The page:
• Mainly curiosity.Wanted to experiment to learn. I once was forced by a bright mind to use a Tuples library on .NET 3.5 which has a different API but has an indexed property. Perhaps usefull when used as vectors. I wondered whether I could bolt it on the standard one. Learned a lot about special situations in .NET, C# and VB.NET. Still wonder about some choices. Recently found time to to expand and implement an Either struct, aka union type aka crossover between Tuples and Nullable. A type which has at most one valid value. Ran into more problems and made a guess why Item1, Item2 etc are used to acces the values on tuples. Besides limitions of .NET I think mainly performance.

    • I’d not even use tuples. Tuples don’t communicate your intent. It doesn’t says what it holds. While reading code, how can you know what does `tuple.Item2` mean? you need to goto the place where you’ve populated the Tuple to see what does it holds. Or at least you need the IDE help to know the type parameter of `Item2` to know little more about it.

      I’d recommend not to use tuples at all and create your own named type (typically a class).

  1. I agree that repetitious boilerplate which does not entail “if you change this here, change it here too” is less of a DRY issue than having a policy implemented in multiple places. On the other hand, if certain patterns get repeated an awful lot, I’d say that’s a pretty good sign that the language or Framework should have something to handle it. If a compiler gets used by people writing 1,000,000 programs, and 5% of those programs would use a particular pattern, including it once in the compiler will allow it to be shaved out of 50,000 programs.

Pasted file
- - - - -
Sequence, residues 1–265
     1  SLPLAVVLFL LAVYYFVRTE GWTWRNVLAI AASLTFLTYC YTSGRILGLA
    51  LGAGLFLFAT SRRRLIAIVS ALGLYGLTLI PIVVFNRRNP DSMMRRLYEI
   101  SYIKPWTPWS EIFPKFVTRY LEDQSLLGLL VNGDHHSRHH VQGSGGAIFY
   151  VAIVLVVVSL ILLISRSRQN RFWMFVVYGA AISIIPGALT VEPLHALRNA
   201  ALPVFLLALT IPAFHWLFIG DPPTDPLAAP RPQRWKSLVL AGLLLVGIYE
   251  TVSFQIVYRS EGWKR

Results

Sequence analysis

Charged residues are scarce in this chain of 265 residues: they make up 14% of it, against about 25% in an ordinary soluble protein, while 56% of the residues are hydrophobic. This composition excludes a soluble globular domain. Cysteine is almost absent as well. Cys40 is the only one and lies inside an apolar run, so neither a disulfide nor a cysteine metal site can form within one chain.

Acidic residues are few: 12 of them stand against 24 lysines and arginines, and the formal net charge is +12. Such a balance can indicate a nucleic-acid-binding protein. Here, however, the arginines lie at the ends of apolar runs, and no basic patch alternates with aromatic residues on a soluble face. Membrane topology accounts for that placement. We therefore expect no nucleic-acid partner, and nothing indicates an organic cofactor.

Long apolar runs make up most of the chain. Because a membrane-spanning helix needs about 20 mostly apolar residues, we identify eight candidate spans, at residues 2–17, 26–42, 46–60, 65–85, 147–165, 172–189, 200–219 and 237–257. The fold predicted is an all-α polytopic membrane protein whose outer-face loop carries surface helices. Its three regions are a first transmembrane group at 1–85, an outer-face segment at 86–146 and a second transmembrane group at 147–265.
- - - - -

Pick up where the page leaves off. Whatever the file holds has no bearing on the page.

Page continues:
Also, how do you suggest dealing with situations where the same general policy needs to be dealt with in two places, but the corner cases are slightly different? How do you decide whether to use two methods for the policy, use one method but have a parameter to indicate which set of corner-case behaviors to apply, or do something else?

    • I try hard to avoid *public* methods that take a Boolean which switches on a particular behavior. The call site either ends up unreadable: CreateAmortizationTable(principal, interest, true);, or you end up putting in a comment or using an auxiliary variable: CreateAmortizationTable(principal, interest, true /* compound monthly */); If it is truly a binary choice then it might be wise to make two methods; if we have a policy that just happens to be binary right now but might be different, then I might use an enum.

      I relax a little bit when the method is private because private methods are for the benefit of the expert on the implementation of the code, not for the benefit of the user of the library, so you can assume more knowledge in the reader. But still I try to avoid them.

  2. There are policy decisions in this code, too, though, like using a dictionary as the cache, and not making the memoized function threadsafe. If you wanted to change those policy decisions later, and you’ve got 10 copies of this code, you’ve got to make the same change in ten places.

    Definitely agree with Hans that there’s an argument for using codegen, such as through T4 templates, as a way to solve this sort of limitation.

      • I think James has a good point here. The “business domain” of this code is the cache policy; if we decided that instead of dictionaries that grow without bound, we should instead use a MRU list with ten elements, then we’d have to change that in as many places as we used dictionaries.

  3. What about things like argument checks. or other low level dependencies. I now use Code Contacts which does not compile out of the box in VS 2015. Should I wrap something like code contracts or write my own probably wrong version?

  4. I’ve seen people jump through all sorts of tortured hoops to avoid writing two superficially similar pieces of code. Frankly, I’d rather have a bit of duplication because it’s easy for me to see and understand, and therefore maintain.

    • I find that 99% of the time, non-duplicated code is “easier to maintain and understand” than duplicated code. It’s similar to the principle “encapsulate what changes”. The only thing that should be repetitious are the parts that change. The static parts should be written once.

      I think Eric is not so much making an argument that WET is in some cases better, as he is making an argument that WET is “good enough”, whereas DRY is not as important in all cases. *If* we could make his example DRY, it would just be better, wouldn’t it?

      • Sure, that’s pretty much how I was interpreting Eric’s post.